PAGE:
- Hannah Crocker Sherman, who is the widow of Joseph W. Sherman, a shoemaker and farmer of North Carver, where she resides.
Nelson Sherman, son of Henry and Christinai (Crocker), was born March 14, 1841, in North Carver, Mass., and in the district schools of his native town acquired his early educational training. At the age of about six-teen years he left school and took up farming with his father, with whom he remained for a number of years, during which time, at intervals, he was engaged at shoemaking in various neighboring shoe shops. Mr. Sherman finally engaged in farming on his own account, and in connection with his agricultural pursuits he was extensively engaged in lumbering and in general trading. Possessing a natural business acumen, a keen perception and a tireless energy, Mr. Sherman met with success in his various business ventures, and in 1897, having acquired a comfortable competency, he removed to the city of Brockton, where he has since resided, his time now being occupied in looking after his real estate interests.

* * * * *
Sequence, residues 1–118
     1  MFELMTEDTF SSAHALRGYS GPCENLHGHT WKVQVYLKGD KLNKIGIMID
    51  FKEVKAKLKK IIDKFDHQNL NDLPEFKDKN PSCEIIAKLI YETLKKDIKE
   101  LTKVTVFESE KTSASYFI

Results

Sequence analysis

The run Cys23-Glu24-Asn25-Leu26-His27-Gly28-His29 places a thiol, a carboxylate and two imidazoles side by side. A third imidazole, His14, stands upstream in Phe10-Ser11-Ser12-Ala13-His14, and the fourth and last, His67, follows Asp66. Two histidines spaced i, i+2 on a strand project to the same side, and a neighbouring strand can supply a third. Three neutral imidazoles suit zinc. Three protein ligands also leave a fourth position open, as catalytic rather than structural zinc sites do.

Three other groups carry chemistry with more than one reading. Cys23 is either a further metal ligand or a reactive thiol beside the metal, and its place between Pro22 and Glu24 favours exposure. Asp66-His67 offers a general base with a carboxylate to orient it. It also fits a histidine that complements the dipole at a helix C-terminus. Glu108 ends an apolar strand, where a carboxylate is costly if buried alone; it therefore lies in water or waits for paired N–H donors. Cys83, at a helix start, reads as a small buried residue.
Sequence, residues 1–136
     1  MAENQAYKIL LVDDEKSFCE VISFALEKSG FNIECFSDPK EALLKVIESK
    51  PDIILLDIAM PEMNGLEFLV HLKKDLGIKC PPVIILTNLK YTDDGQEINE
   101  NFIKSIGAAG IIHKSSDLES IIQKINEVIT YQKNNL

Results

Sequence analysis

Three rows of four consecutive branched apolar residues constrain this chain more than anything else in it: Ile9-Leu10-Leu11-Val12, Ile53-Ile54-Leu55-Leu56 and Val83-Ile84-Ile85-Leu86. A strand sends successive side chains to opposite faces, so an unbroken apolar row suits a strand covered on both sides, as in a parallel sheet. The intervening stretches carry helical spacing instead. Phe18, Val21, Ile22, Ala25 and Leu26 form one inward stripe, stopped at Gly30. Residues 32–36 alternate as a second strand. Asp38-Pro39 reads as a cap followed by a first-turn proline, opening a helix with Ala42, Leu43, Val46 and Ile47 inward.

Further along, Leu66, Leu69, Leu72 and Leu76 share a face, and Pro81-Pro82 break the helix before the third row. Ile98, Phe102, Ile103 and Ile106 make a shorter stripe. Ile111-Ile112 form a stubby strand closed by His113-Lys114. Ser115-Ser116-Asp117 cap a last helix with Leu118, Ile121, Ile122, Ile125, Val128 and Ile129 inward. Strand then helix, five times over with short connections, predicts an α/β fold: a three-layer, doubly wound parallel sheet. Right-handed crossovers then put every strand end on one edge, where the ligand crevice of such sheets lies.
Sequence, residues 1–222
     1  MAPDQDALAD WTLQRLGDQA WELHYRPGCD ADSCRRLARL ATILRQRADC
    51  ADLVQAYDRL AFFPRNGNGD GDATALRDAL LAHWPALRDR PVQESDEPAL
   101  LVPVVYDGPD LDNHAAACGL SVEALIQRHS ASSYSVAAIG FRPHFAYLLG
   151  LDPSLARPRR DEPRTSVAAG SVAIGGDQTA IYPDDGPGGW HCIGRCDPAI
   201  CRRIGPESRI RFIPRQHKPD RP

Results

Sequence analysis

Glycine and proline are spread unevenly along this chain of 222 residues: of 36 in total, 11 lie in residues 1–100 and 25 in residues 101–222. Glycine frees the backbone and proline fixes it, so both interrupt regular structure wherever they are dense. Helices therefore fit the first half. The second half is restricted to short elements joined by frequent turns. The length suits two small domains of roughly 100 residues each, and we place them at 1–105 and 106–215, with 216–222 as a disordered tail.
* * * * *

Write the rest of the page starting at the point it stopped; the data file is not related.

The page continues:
In political matters Mr. Sherman is independent, with Republican tendencies, and while a resident of his native town was active in the public affairs of the community, serving as a member of the board of selectmen, overseer of the poor, assessor, moderator, and in various other positions of honor and trust, and was frequently called upon to settle estates, as was his father before him. He also held a commission as justice of the peace for a number of years. Since coming to Brockton he has identified himself with the Economic League, of which he is an active member. Mr. and Mrs. Sherman affiliate with the Unitarian Church, and are liberal in their support of same.